In 2018, the first-term federal Liberal government conducted a full review of the Copyright Act. Recommendations are slowly coming forward [see sidebar], and the “fair dealing” exemption for education is one of the issues being looked at, says Degen.

“The Heritage Committee produced a report on how to fix the problem,” says Degen. “The government is technically onside — during the last election they promised to fix it. The solution just hasn’t been delivered. A lot of our discussion with Ottawa is ‘Tick-tock, when is this going to happen?’ You recognize the problem, you know what the solution is, so crack open the act and make it clear education has to return to licensing content.”

One potential roadblock to bringing legislation forward, says Degen, could be Liberal Justice minister David Lametti who, prior to entering politics, was a noted anti-copyright scholar. Ultimately, though, the government’s hand may be forced by international trade and investment agreements.

One copyright change that is going forward, for instance, will increase the copyright term from 50 years after death of author to 70 years. That change comes courtesy of the 2020 U.S./Canada/Mexico trade agreement, where U.S. negotiators pressed for it.

“Canada has signed international agreements about protecting intellectual property and copyright,” says Degen. “The interpretation of fair dealing that happened in 2012, and the fact the federal government has just allowed this to continue, in our opinion, breaks those agreements.”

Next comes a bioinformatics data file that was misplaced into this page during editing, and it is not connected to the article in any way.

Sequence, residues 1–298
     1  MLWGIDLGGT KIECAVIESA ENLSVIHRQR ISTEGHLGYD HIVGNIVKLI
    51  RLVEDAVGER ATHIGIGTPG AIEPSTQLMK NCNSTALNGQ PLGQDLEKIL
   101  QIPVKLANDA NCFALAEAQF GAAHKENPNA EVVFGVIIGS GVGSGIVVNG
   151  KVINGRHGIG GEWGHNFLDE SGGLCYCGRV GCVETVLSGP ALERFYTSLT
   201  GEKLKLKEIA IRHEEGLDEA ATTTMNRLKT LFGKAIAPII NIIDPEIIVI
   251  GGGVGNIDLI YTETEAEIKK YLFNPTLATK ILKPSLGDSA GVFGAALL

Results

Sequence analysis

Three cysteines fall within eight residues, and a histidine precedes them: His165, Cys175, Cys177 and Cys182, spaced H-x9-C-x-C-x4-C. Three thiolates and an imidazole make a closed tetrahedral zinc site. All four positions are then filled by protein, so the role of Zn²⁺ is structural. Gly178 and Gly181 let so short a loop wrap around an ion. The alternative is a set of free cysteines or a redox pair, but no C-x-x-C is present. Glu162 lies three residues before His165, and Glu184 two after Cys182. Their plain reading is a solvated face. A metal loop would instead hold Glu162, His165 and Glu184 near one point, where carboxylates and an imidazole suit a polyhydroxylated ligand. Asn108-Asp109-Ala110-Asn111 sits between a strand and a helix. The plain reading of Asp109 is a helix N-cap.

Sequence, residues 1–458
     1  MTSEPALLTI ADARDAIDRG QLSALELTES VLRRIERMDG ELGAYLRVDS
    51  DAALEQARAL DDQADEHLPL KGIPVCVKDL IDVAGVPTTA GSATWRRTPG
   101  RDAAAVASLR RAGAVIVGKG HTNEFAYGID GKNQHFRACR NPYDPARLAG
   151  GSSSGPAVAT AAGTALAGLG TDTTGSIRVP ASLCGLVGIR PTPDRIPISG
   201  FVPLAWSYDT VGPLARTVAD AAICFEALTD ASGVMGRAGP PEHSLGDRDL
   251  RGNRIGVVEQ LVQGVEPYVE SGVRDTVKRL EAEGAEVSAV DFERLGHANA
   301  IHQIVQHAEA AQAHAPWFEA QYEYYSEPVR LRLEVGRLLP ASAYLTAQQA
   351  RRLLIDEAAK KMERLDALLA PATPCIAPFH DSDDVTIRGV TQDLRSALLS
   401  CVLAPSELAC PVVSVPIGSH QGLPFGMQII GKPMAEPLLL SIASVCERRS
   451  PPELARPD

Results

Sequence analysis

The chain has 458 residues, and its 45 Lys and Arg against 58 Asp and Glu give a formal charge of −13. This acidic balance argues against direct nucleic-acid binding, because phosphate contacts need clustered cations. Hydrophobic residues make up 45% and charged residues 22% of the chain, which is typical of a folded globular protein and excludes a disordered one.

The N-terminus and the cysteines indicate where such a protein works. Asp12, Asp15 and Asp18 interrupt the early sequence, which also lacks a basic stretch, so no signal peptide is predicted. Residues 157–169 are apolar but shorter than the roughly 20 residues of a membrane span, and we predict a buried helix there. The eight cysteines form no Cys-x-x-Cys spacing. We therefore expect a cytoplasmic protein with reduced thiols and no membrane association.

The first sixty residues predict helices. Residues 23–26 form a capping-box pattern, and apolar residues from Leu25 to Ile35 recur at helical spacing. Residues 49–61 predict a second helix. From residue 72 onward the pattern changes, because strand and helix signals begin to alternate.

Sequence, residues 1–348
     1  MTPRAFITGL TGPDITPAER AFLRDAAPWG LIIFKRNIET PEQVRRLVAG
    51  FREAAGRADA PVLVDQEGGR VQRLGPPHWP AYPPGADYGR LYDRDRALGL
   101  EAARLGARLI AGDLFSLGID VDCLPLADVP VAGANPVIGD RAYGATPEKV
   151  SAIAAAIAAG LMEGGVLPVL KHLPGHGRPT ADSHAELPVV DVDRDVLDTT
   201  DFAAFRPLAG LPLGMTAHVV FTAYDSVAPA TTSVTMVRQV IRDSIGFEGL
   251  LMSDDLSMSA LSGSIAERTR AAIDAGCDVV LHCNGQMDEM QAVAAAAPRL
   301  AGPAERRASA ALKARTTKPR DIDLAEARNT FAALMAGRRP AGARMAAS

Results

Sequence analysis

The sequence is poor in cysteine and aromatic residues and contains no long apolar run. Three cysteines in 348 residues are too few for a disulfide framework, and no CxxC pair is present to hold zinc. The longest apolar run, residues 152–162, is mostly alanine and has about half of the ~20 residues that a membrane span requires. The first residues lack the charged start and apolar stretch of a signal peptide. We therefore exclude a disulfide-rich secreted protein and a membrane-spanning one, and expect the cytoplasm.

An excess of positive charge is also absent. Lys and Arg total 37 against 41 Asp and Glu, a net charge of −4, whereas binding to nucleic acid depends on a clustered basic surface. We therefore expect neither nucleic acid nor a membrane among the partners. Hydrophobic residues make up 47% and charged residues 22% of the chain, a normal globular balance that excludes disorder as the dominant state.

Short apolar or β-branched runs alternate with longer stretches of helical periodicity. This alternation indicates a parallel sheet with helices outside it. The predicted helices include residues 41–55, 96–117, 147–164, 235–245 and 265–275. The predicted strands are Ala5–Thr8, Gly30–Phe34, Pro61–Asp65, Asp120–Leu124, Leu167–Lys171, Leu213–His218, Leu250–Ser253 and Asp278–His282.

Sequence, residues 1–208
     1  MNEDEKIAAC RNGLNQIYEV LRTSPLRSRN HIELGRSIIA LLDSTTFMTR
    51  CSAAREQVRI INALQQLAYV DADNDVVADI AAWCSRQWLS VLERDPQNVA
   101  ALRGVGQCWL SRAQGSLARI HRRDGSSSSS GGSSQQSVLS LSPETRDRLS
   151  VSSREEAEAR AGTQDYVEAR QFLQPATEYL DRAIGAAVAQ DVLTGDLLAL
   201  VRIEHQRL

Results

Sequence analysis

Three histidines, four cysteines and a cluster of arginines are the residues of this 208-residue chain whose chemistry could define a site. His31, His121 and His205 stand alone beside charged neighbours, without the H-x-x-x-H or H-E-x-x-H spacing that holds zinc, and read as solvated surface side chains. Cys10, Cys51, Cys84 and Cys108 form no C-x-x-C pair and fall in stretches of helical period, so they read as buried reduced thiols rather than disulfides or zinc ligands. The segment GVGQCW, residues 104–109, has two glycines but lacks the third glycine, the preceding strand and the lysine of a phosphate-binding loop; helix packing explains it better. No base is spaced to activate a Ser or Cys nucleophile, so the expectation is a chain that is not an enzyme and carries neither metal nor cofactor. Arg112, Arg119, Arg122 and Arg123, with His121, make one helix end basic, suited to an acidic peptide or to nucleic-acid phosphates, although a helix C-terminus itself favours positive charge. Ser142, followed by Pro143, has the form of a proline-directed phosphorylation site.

Meeting global standards on copyright would have a two-fold benefit. First, it would encourage creators and publishers from other countries to continue to invest in the Canadian market, something they may be reluctant to do without copyright protection. Degen points to Oxford University Press as one example of a major educational publisher that has pulled out of Canada.

The flipside of that is Canadian writers and publishers would have greater opportunity to earn income from international licensing agreements. For that to happen, Canada has to provide reciprocal protection to creators and publishers from other countries.

It’s more than a fair trade, says Degen.

“The Canadian writing and publishing industry has improved so much over the last few decades. It’s grown into this domestic powerhouse, it’s ready to get out into the world and grow even more. And just as we reach that level of prominence, we got our knees cut out from under us in our home market.”

When you consider Canada’s multicultural character and the growing strength of the Indigenous creative community, we are perfectly positioned to be a true global player in arts and culture.

“In 2021, Canada was the nation of honour at the Frankfurt Book Fair,” says Degen. “That was a huge moment of success for our book publishing industry. Spotlighted in all of that were Indigenous, Métis and Inuit authors. Their work is hugely attractive to world markets.”

For the federal government, the fix is simple, says Degen.

“All the architecture from the old arrangement is in place,” he says. “All it has to do is clarify that fair dealing for education does not apply if there is an established licensing structure and that tariffs set by the Copyright Board are mandatory if you’re using the material.

“That’s the missing piece right now. It’s the simplest thing in the world to do.” ■


Big Bucks, Starving Artists?

Name a profession where you can earn more money dead than alive.

Give up?

Consider visual artist. When artists start out and are largely unknown, they typically sell for low prices. If they stick with it and start to get attention from collectors and curators, their price goes up. A final bump comes when they die, because the supply of work is now capped. Then the marketplace takes over.